Monday, November 12, 2007

Barbary Pirates, Tribute, and Tripoli

Why aren't the Barbary pirates, Tripoli, and Algeria being cited in discussions about the War on Terror?

Contemporary culture, in America at least, has what I'd call historical myopia. I get the impression that, for most people, anything that happened BB (Before Beatles) seems to be ancient history, and anything before James Dean is roughly contemporaneous with the last ice age.

Many people's "well of the past" is hardly more than a muddy puddle. That may explain why the Barbary pirates aren't part of the public debate on the war on terror.

The Barbary pirates had a good thing going for over two and a half centuries. Operating from seaports in present-day Morocco, Algeria, Tunisia, and Libya, they made piracy pay from about 1550 to 1816. At first, they were conventional pirates, simply attacking and robbing ships that passed through their territory. The Ottoman Empire claimed to hold those lands, but sea rovers or corsairs - classy pirates - actually controlled the Barbary Coast

European shipping in the Mediterranean suffered from this piracy, until 1662. That's when England revived the ancient custom of paying tribute. This application of practical diplomacy was an immediate success. England paid the corsairs gold, jewels, arms, and supplies: and the corsairs didn't hit English ships.

Paying tribute caught on, and it wasn't long before all countries trading in the Mediterranean were employing this diplomatic means of avoiding conflict.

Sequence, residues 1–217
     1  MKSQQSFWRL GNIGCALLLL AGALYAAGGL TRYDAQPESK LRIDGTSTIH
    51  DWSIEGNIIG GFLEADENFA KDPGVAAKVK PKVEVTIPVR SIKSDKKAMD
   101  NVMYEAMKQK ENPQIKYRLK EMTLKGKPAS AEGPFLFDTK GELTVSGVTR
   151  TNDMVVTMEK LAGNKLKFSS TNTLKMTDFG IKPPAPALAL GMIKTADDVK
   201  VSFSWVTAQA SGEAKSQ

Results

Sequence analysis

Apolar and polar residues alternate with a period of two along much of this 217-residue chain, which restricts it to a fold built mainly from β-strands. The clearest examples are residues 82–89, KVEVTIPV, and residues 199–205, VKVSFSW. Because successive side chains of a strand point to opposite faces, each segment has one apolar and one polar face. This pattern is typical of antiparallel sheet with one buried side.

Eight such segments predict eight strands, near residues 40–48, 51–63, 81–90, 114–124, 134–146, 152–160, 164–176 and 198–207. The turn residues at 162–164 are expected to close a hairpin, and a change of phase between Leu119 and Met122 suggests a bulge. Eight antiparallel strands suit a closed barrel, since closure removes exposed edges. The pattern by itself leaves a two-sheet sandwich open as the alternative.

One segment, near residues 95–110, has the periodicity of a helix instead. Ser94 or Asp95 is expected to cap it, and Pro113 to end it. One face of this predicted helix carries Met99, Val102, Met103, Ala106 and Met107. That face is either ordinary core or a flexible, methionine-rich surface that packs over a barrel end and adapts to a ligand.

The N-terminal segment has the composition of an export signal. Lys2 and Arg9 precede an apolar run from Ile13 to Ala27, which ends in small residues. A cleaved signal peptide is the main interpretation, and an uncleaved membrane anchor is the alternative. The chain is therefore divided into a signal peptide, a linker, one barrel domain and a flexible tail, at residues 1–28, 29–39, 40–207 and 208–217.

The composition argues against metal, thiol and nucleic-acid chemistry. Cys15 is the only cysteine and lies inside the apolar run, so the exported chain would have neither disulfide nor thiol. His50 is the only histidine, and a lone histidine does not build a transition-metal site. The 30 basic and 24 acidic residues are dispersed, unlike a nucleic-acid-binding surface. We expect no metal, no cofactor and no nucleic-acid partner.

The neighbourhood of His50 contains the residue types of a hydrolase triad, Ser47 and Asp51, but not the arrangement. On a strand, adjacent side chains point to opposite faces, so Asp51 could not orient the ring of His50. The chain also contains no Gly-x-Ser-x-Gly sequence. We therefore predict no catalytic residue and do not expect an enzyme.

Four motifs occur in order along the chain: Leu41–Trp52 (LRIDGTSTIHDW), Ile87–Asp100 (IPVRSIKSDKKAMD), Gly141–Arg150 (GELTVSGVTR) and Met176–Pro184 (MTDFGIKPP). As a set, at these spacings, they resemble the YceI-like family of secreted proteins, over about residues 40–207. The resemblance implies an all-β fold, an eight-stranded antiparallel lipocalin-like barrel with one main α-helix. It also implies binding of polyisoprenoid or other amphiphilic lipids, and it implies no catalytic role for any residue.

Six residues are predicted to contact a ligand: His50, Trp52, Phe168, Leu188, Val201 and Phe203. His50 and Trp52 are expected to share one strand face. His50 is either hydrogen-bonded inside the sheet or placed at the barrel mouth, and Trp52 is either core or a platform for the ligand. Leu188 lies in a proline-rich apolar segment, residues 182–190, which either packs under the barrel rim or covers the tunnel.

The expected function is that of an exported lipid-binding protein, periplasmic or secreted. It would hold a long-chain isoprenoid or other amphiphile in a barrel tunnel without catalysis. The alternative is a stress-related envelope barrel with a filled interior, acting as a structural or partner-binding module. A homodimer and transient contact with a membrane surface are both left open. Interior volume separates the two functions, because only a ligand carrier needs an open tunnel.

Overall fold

England paid tribute for the North American British colonies until they became the United States of America. The Dey of Algiers seized an American ship in 1785: and jailed its crew for nonpayment of tribute.

The United States didn't pay tribute at first, but the Dey of Algiers seemed willing to wait for his money. He found that it was profitable - and fairly safe - to capture American ships, since the new country didn't have much of a navy. His forces plundered eleven American ships and held one hundred and nineteen survivors for ransom in the next nine years.
That situation reminds me of the sixties and early seventies, when terrorists routinely took hostages, made demands, and got what they wanted. That golden age of terrorism ended, in my opinion, when a particularly exuberant group murdered a number of young athletes in Munich.

That exercise left a very bad taste, and a little later, in 1973, America settled on a 'no concessions policy. The immediate trigger for that decision was the murder of two diplomats.
Back to the Barbary pirates.

President Washington tried to find a diplomatic solution, but the corsairs were happy with things as they were, and the European powers ridiculed America's efforts to free the captives.

That was the late 1700s: Not much has changed, has it?

When John Adams became president, he followed the wisdom of the older European powers, and paid tribute to Algiers.

Then, Tunis and Tripoli demanded tribute. And got it. Remember, the American policy was one of diplomatic engagement: finding out what the Barbary pirates wanted, and giving it to them.

By the time Thomas Jefferson became president, about a fifth of the American government's income was going to the Barbary states. America developed a new strategy: trying to stop the pirates by military force.